https://www.gtplanet.net/f1-2017-review/

“Overall, the sound quality is spectacular in F1 2017.”
http://www.hardcoregamer.com/2017/08/21/review-f1-2017/268712/

“The car sounds are also intense.”
https://www.gamingnexus.com/Article/5457/F1-2017/

“audio and sound effects are loyal and electrifying”
http://it.ign.com/f1-2017-ps4/129772/review/f1-2017-la-recensione

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“the audio quality is excellent throughout.”
https://www.gamereactor.eu/reviews/584573/F1+2017/

“sounds superb with engines as realistic as their life like brothers”
http://www.gamehype.co.uk/review-f1-2017/

“All the sound in this game is great anyway, but the sound of the classics really emphasizes the hard work that went into them.”
http://www.vpdaily.com/f1-2017-review-setting-the-pace/

“the engine sounds … are thunderous – particularly in some of those aforementioned classic cars.”
http://www.pushsquare.com/reviews/ps4/f1_2017?utm_source=pushsquare&utm_medium=email&utm_campaign=review-notification

“Spectacular audio mix”
http://atomix.vg/review-f1-2017/

“the audio of the roaring engines… really does make for a truly impressive entry to the series.”
http://www.thexboxhub.com/f1-2017-review/

Club Nintendo Game & Watch: Ball

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Anybody who buys a reasonable amount of Nintendo games will probably be aware of the Club Nintendo Stars Catalogue. This is a store that allows a user to spend points of a range of items such as key rings to miniature statures to rare items such as a replica SNES controller specially designed for the Wii.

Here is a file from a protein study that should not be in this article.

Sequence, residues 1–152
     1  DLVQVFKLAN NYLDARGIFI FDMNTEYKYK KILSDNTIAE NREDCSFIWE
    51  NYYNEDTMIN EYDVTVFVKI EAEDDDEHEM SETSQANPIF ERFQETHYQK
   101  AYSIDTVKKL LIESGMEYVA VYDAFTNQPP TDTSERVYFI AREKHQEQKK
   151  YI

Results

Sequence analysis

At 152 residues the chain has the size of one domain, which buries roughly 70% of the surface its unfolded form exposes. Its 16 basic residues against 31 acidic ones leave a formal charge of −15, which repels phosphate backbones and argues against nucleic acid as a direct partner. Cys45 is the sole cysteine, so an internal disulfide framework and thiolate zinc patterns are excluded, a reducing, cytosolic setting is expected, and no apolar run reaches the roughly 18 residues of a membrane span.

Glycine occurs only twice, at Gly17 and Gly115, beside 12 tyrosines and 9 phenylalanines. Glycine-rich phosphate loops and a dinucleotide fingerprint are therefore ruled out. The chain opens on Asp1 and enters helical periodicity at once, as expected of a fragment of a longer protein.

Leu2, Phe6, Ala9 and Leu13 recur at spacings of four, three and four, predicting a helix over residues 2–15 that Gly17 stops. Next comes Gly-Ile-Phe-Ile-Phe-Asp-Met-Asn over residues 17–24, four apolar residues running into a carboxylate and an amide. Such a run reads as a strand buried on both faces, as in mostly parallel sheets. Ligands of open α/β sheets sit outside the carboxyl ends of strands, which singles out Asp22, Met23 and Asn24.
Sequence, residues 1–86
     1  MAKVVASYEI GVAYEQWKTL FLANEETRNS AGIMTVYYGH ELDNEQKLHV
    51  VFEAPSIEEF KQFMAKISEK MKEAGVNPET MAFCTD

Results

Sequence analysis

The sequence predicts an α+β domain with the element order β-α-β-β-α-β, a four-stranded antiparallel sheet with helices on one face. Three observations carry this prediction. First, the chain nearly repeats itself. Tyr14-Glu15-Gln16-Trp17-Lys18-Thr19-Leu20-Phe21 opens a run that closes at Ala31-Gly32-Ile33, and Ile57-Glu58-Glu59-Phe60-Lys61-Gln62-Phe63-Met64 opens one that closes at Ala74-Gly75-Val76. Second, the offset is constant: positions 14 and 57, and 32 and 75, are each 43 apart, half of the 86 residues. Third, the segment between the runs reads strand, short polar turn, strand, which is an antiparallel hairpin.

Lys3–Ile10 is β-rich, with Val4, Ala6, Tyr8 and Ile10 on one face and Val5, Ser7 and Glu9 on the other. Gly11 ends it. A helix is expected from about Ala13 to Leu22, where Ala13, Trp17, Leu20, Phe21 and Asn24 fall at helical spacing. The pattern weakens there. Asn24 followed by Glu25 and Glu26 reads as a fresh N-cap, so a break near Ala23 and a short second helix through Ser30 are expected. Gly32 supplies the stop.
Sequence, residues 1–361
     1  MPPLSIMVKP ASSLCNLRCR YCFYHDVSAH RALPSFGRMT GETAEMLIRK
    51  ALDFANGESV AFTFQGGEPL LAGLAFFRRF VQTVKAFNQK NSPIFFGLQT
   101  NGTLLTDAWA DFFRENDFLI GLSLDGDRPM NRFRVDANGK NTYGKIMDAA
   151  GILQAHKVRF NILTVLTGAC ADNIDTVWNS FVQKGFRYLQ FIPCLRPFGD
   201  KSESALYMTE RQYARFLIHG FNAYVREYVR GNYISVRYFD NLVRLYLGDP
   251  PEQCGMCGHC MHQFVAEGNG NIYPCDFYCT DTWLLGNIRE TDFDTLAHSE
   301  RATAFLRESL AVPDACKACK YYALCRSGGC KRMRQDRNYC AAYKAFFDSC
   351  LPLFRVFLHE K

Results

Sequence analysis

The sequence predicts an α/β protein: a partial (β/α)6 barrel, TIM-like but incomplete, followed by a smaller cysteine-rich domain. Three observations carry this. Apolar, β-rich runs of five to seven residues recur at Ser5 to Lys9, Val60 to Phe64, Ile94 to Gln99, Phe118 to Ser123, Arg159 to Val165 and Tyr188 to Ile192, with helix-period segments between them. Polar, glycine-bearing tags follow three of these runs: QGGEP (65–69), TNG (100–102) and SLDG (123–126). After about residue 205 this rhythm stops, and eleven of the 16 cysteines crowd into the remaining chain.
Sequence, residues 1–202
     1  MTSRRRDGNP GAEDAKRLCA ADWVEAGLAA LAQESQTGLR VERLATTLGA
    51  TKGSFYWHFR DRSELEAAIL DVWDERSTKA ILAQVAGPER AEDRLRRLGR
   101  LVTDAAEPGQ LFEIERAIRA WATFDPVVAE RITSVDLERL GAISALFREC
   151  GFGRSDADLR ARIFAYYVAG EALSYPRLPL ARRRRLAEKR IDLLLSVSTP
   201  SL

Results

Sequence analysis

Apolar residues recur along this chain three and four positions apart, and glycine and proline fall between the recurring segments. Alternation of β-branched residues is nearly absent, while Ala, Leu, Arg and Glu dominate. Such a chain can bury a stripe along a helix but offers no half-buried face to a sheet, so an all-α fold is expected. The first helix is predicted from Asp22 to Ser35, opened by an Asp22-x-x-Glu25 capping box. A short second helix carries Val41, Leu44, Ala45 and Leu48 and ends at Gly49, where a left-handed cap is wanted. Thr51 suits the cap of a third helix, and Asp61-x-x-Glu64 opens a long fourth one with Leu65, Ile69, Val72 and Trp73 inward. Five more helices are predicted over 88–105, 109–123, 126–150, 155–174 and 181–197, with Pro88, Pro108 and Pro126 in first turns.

Stars are collected by buying a Nintendo system or game, generally you can pick up something like 500-1000 stars for registering a code included in a system box such as the WiiU or the 3DS while games will generally bag you 250 stars. In the past I have spent stars on “Nintendo Points” which can be redeemed on the virtual console to purchase digital games.

Some of the rare items cost thousands of points, one of which is the Game & Watch reissue of “Ball”. This classic was the first Game & Watch game Nintendo released, dating from 1980. I decided to save my points and bag myself the exclusive Club Nintendo gift.

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The system comes complete with a cardboard box, packaging and far too many manuals (multiple languages).

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The system itself is tiny, far smaller than I expected. For dimensions I’ve compared it to a 3DS XL (the blue console) and a DS Lite (White). The build quality is fairly decent, with a burgundy shell and a mock chrome faceplate. The buttons are rubber while the screen itself is a monochrome LCD display.

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As for the gameplay, don’t expect to be blown away, after all the game is over 30 years old. The premise is to catch the balls that you toss up into the air, in other words it’s juggling. Game A has the player throwing 2 balls and scoring 1 point per ball caught, each ball is tossed into the air and over to the opposite side of the screen. The left and right buttons are then used to adjust the position of the left and right hands in order to catch each ball. Game B is much the same but there are 3 balls in play and 10 points are scored for each successful catch.

As the system name suggests (Game & Watch), the system is also used as a watch. You can set the time and when not in play the LCD screen will display a demo and the current time.